Kavitha is a 7th grader who lives in poverty in a village in India. Her parents’ blindness not only inhibits them from working and providing for the family, but it also ostracizes and outcasts them. Her father recently had a heart attack and now has trouble even moving around. Her older sister gave up school so that Kavitha wouldn’t have to. She was given a backpack and school supplies. She’s given a daily meal at The Hope Venture’s feeding center. Everyone is pulling for her, doing all they can to ensure she gets an education. She’s the hope of the family, the light in their darkness. And now she looks forward at the path ahead, the path that is complex and scary and difficult. The path that is far too much for a 7th grader to have to handle. And I’m thinking, she must feel the weight. She must feel the pressure. For she walks to school with far more than the weight of her backpack on her shoulders.
Yet Victoria tells me that Kavitha walks not as one burdened with the weight of the world. She walks with the strength not only to hold herself, but to hold her parents’ too. She’s confident, humble, and sweet. She has a big smile. Even though she’s the youngest, she’s clearly leading her family. Victoria simply said, “she’s incredible.”
And that’s what I see when I look at this photo. I see someone who is incredible.
She looks through the camera like she’s trying to look into my eyes. Like she’s trying to look through the lens into the eyes of everyone in the world. Like she’s trying to use her eyes, her beautiful eyes, to see. And to be seen herself. It’s a passageway into her story, the story of a girl who has never been seen. The story of a girl who does her homework in the dark because her parents don’t need a light in their hut. The story of a girl who is the youngest in her family but the only one with a chance at an education. The story of a girl who makes tea for her guests, but places the tea in her mother’s hand so she can have the dignity of hosting someone. The story of a girl who holds onto her parents hands to guide them. The story of a girl who holds onto her parents hands to be guided. The story of a girl who holds onto her parents hands for dear life because she is only a 7th grader in a world that is far too complex and far too difficult to navigate alone. And yet she looks through the camera like she’s saying, “I’ve got this.” She stands, hand in hand with a mother and father who have never seen her, with a backpack on her back and the weight of life heavy on her shoulders. And in the midst of this, she looks through the camera, across the globe, and into our eyes and says, “You’ve got this too.”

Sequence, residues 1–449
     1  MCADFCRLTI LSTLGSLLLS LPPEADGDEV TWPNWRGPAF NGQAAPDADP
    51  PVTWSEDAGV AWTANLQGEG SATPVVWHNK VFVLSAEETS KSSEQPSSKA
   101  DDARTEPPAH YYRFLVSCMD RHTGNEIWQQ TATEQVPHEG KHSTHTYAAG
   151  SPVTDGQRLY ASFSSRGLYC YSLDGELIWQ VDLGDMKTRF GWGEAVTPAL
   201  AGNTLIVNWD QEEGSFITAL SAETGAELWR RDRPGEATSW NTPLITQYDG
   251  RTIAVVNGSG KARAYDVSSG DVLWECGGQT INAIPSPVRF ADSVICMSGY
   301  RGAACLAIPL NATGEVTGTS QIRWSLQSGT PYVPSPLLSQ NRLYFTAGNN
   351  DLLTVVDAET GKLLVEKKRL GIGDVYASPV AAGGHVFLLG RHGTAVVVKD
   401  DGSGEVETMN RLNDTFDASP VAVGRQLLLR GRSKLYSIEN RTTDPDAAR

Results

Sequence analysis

Kavitha deserves to be seen. Her story is not a collection of details and facts to be placed in an Instagram post. Her story is living and active and full of power. Her story is an inspiration, a gift, an arm outstretched. Her story is a picture of light in darkness, of love in difficulty, of hope in despair, of strength in weakness. She holds her parents hands, and in doing so, she gives us hope that all the hands of the world are being held too. That our hands, our fearful, frail, and failing hands, are being held too.
Her journey teaches us that we can walk through difficult things, really difficult things. Sitting there at that coffee shop I felt like Kavitha gave me strength. I felt like she reached out to me and told me there is light in this dark world. I felt like she asked me if I see her.
And that’s my hope. My hope is that she’d be seen. My hope is that this photo would not be another photo we scroll past. Another bit of content as our thumbs do our daily dose of despairing. For Kavitha is incredible. And her story is a gift. Her hands are reaching out as an invitation to walk through life, even in all its difficulty and complexity.
So I think it is important to break through the fourth wall of sorts and tell you that though I have never met Kavitha in person, I see her. And I want to say, her story is important enough to allow it to impact us. It is important enough to stop me in my tracks. It is real enough to change my life. For she is not a photo in a catalog, she is a person, a real, incredible, human who has and is making an impact in this world, and she’s inviting us to join her.